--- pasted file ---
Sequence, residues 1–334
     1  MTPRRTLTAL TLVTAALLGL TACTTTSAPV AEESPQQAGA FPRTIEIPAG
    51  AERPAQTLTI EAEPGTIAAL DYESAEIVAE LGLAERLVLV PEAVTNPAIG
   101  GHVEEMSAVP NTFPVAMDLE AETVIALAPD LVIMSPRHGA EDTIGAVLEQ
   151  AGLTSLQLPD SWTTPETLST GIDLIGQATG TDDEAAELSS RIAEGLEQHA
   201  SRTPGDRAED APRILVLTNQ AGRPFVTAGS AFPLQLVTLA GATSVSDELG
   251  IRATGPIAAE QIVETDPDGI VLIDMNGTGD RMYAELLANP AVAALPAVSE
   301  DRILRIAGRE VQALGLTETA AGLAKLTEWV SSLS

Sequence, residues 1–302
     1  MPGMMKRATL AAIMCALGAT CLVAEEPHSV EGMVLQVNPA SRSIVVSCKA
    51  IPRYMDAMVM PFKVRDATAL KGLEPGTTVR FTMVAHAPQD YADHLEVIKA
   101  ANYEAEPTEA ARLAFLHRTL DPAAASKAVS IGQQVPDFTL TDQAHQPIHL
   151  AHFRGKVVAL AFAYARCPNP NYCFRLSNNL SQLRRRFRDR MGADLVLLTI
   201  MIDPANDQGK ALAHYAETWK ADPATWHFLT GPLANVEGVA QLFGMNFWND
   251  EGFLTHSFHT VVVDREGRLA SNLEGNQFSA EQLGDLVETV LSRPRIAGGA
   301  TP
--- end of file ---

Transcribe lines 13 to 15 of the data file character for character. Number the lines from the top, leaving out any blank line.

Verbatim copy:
   151  AHFRGKVVAL AFAYARCPNP NYCFRLSNNL SQLRRRFRDR MGADLVLLTI
   201  MIDPANDQGK ALAHYAETWK ADPATWHFLT GPLANVEGVA QLFGMNFWND
   251  EGFLTHSFHT VVVDREGRLA SNLEGNQFSA EQLGDLVETV LSRPRIAGGA